The Importance of Retargeting (a.k.a Remarketing) and Why Companies Need It
In the digital era, no serious company underestimates the importance of online marketing. Your competitors are putting a lot of effort into their digital marketing strategies, and so should you.
Since everyone is doing it, the general public has become pretty overwhelmed by the large number of offers coming their way. It should not come as a surprise that only around 2 percent of first-time website visits end up in a purchase.
People have become so easily distracted that they often move on to the next thing, completely forgetting what they were doing and what website they were on and never come back. Many potential customers are also lost forever when they decide to take more time to reconsider making a purchase or wait/look for a better deal.
The question is – how do you prevent this from happening? How do you turn the remaining 98 percent of visits into a purchase? The marketing technique that can help you out in this regard is called retargeting.
Read on and find out more about the importance of retargeting and how your company can benefit from it.
What Is Retargeting And How Does It Work?
It’s not exactly a new technique, but the advancement of technology has given it a whole new life making it one of the most valuable marketing methods in this day and age.
This strategy helps you renew people’s interest in the product or service you are selling through advertising. It is all about targeting a specific group of users – those who have already expressed interest in a certain product/service and re-attracting them.
Of course, a retargeting campaign is always part of a bigger marketing campaign. Retargeting gives the best results when it is combined with advertising and content marketing.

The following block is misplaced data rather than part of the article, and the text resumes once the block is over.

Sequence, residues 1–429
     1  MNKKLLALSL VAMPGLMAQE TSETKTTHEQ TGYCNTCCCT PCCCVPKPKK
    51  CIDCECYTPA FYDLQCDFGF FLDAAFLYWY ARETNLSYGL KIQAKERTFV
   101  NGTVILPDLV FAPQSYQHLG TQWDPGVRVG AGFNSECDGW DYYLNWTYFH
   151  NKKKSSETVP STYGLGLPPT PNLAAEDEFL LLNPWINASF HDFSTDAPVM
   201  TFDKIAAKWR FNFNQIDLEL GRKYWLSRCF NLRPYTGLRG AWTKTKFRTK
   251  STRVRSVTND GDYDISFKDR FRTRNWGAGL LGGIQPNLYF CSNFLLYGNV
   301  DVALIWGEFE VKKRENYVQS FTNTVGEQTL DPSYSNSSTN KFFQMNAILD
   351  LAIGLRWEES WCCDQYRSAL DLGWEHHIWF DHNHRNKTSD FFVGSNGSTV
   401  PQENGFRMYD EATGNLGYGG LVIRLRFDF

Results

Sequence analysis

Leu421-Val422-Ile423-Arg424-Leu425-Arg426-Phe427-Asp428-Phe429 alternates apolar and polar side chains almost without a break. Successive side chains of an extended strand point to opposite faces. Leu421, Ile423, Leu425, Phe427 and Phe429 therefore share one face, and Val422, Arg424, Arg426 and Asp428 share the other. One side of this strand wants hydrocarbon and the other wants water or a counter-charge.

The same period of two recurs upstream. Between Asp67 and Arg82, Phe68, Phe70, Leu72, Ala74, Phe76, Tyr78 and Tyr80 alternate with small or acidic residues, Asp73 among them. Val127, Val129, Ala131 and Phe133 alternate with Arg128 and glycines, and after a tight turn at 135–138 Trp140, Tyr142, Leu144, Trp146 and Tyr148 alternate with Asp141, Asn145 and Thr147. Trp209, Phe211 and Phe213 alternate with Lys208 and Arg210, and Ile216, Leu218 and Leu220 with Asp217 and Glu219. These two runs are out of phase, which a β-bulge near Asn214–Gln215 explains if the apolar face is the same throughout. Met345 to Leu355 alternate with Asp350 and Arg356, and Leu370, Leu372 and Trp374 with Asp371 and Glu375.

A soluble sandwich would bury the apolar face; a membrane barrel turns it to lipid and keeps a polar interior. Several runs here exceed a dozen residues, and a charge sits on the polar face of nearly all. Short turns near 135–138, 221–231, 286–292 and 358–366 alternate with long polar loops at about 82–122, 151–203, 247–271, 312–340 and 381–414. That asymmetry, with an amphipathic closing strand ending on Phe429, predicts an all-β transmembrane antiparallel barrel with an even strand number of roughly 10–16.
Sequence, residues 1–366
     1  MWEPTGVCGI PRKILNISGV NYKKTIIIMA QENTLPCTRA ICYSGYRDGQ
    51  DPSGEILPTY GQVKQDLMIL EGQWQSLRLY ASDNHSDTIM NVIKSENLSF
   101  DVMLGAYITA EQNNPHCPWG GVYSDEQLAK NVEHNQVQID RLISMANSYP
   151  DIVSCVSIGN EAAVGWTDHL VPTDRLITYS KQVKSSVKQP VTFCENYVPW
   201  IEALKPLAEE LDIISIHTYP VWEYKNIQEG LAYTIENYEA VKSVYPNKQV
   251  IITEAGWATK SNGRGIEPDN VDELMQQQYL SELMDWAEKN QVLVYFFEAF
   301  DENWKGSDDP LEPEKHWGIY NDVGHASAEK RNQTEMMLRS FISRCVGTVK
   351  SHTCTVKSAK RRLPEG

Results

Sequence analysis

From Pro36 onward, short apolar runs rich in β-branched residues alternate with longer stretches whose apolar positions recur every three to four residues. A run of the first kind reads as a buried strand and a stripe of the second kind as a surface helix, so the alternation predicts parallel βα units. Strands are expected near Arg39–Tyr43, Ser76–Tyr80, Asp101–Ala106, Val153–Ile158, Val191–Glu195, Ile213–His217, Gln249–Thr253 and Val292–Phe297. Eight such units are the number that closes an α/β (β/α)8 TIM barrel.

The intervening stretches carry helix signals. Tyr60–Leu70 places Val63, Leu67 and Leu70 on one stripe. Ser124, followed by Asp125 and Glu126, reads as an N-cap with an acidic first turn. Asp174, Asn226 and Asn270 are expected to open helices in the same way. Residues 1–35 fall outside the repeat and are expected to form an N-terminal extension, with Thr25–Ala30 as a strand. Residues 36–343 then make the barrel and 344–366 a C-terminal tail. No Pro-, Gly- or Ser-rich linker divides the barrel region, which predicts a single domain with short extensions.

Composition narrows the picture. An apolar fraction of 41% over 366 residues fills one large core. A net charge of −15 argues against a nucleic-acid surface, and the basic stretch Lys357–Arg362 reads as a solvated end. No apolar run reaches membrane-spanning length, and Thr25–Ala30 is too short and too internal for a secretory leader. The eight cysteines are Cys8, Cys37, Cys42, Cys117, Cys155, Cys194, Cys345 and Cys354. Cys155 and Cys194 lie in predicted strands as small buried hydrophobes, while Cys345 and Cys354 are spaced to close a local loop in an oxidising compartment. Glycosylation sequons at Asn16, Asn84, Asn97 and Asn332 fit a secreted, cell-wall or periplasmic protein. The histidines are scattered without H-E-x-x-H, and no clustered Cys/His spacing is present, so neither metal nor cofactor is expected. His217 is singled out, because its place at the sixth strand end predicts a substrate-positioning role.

When banners from a website you visited start popping up in other places as if they were following you around the internet, that’s retargeting, a.k.a. remarketing. Retargeting helps you “follow” potential customers as they do other things on the internet and make them come back to your site. In other words, you monitor your customer’s behavior and utilize that information to pull them back to your website.
When someone visits a website, and it puts a cookie in their computer, the website is able to identify the visitor wherever they go from that moment (as creepy as it may sound). The ads for the site they visited will appear everywhere, usually on search engines and social media.
For example, if someone visits your site and views your products but later on leaves it without making a purchase, the retargeting ads will serve as a reminder that your offer still exists. Perhaps they will be happy to see your offer again. Or, if they do buy something, but the product requires refills or replacements, the buyer will be reminded that they can count on you.
Is Retargeting Legal?
The Importance of Retargeting and Its Key Benefits
Pretty much any company interested in stepping up its digital marketing efforts and increasing sales should acknowledge the importance of retargeting.
Your company should not just rely on new visitors to increase sales. Research shows that new visitors seldom purchase anything valuable. They are much more likely to just look around and abandon your site. But, the more often a potential customer sees an offer, the more they’re driven to proceed with the purchase. All they need is a gentle push in the right direction. That’s why all companies, no matter how big or small, need several online marketing tools to help them persuade potential buyers. And retargeting ads are a great way to do that.